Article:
(Let me first say that while this is entitled FOR COUPLES - I mean for it to be read and thought about by YOU. YOU - the individual reading this now - probably one half of a couple. If you find it helpful - please share it with your loved one - or friends. But for now, I am writing this for YOU. Because most often in marriage counseling, the person most people seek to change is their spouse. And that can't happen. You can only change YOU. So for now - read this for YOURSELF - and see if there are some changes YOU might need to make.
I hope it helps. - Jan)

For most of us, our marriage and are our family are our most valued treasures. Are you treating your most valued relationships in a truly cherished way?

Nobody ever plans to mess up their marriage. We don't get married and then CONSCIOUSLY take actions to head for divorce. And yet sadly, everyday - individuals harm and threaten their marriage and their happiness by unconsciously failing to take care of it.

Thoughts on Marriage and Gardening
I've often said (and I'm sure I'm not the only one to think of this) - Marriage is like a Garden. Gardens need tending and care and attention given on a consistent basis to thrive. Gardens take more than just water. Some sun, the right climate, some weeding, some prudent pruning, and sometimes we need to step back to have a good look at the overall garden. Is it balanced? Is it healthy overall?
Am I weeding and watering some areas so much that other parts are neglected and suffering?

In my practice, I see a lot of couples who have not taken care of their relationship. Sometimes they are close to divorce before they ever seek my help. Very sad. Because no one starts out that way - no one intends to neglect their relationship. In fact, couples often pay lots of attention to some aspects of their marriage and family life. They eat meals at home with the kids, they go to their children's events, they attend church together, they have friends over. They may put a lot into providing financially, providing a clean and even beautifully decorated home, putting wonderful home cooked meals on the table. But they still don't stop to look at the real state of their relationship. And sometimes the closeness and intimacy once shared have gone completely to "weeds."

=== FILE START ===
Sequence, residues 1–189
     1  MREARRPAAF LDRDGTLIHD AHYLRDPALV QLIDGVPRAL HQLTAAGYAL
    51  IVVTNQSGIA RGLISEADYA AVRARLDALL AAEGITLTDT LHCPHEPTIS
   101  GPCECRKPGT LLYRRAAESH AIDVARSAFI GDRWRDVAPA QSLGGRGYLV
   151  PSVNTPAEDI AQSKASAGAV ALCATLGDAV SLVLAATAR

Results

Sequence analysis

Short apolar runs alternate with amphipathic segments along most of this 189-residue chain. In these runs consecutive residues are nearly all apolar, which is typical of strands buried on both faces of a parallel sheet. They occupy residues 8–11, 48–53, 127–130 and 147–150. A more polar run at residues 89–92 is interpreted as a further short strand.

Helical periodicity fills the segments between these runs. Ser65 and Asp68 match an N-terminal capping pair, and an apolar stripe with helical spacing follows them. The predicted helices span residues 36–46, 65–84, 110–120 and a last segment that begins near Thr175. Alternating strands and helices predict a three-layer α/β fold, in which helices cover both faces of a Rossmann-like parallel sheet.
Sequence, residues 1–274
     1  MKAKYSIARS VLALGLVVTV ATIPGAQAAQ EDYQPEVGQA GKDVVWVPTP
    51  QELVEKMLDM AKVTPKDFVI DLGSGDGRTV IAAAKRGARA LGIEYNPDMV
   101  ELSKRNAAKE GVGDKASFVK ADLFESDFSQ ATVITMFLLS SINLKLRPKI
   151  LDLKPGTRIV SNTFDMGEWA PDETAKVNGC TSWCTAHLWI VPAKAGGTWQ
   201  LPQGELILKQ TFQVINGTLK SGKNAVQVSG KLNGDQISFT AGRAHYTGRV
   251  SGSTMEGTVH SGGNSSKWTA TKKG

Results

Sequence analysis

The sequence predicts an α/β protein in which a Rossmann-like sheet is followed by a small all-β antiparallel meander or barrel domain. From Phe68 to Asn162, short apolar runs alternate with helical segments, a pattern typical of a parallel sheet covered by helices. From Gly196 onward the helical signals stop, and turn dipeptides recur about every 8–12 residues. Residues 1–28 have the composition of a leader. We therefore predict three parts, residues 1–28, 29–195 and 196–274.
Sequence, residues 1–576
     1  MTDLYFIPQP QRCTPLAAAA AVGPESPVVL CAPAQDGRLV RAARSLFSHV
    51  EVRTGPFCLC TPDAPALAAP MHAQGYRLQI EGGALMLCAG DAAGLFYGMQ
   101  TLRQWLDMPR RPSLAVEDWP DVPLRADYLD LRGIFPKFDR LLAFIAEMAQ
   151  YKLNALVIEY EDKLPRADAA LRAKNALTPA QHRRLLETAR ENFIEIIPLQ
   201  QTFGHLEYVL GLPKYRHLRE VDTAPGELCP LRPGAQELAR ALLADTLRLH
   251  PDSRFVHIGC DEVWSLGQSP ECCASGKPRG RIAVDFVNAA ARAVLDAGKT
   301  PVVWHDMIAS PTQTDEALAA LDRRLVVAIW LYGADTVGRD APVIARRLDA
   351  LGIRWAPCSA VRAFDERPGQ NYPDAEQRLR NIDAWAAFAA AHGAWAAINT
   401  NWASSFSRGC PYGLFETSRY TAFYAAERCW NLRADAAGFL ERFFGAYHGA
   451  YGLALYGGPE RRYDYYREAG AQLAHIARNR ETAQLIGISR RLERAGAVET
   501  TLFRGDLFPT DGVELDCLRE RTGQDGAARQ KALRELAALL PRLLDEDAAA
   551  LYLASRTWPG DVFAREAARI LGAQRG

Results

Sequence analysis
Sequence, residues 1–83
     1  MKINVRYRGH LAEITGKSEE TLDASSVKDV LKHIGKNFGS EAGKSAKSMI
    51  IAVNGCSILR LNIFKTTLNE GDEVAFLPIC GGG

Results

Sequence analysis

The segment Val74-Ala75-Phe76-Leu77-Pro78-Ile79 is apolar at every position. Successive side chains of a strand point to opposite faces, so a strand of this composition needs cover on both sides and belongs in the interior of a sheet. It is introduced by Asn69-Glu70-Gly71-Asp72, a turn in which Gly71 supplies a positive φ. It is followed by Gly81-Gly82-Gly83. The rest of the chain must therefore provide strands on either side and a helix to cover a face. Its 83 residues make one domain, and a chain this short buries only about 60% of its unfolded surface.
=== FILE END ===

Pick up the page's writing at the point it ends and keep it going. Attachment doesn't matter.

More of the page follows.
Couples find all kinds of ways to be unhappy in their most cherished relationships. Infidelity is probably the most obvious door to divorce - or at last counseling. But there are all kinds of signs that your marriage may need serious tending.

Take a look at some of these frequently occurring signs of problems:

Don't Go to Bed Together (at same time)? - LOOKING FOR TROUBLE.

Fun with Kids, but No Time Alone Together? - OPENS THE DOOR to TROUBLE.

No regular SEX? Just asking for TROUBLE.

Name calling? Sarcasm? Arguing? Keeping Secrets? "FOLKS, WE GOT TROUBLE - RIGHT HERE IN 'RIVER CITY'!" (Trouble with a capital T and that rhymes with D and that stands for DIVORCE. Ok - my apologies to The Music Man .

Ask YOURSELF these questions- Get really honest about it.
Do you really know what's going on with your partner? How is he/she doing - really?

Are you tuned in with each other? Conversing regularly?

Do you really LISTEN to what your partner says?

Do you have regular - and I mean FREQUENT - dates? For just the two of you?

And a basic -

Are you KIND to the person you live with? Or are you waiting for them to be nicer to you first?

Please - take some time to think about how YOU treat your spouse. Are YOU being the partner you promised to be? Are you loving, honoring and cherishing that person? Think about it.

Maybe taking a look at some of these potential problems can help you now. Make some serious effort to take care of that relationship. Because Divorce is hard. Yes, sometimes it is necessary - but sometimes there was a marriage worth saving that just died out from neglect. And that is so painful - and all concerned .

Treat your partner like your most cherished friend. Treat your relationship - treat your marriage - as the treasure it is. Everyday.
Because relationships are what we treasure most - and it hurts to lose what we hold so dear.

That's all for now. If you want to talk about any of this with me, please give me a call. I'm always glad to help.

Jan Arvin, LPC,
May 2010
(Based on a lot of my earlier talks and writing on relationships.)

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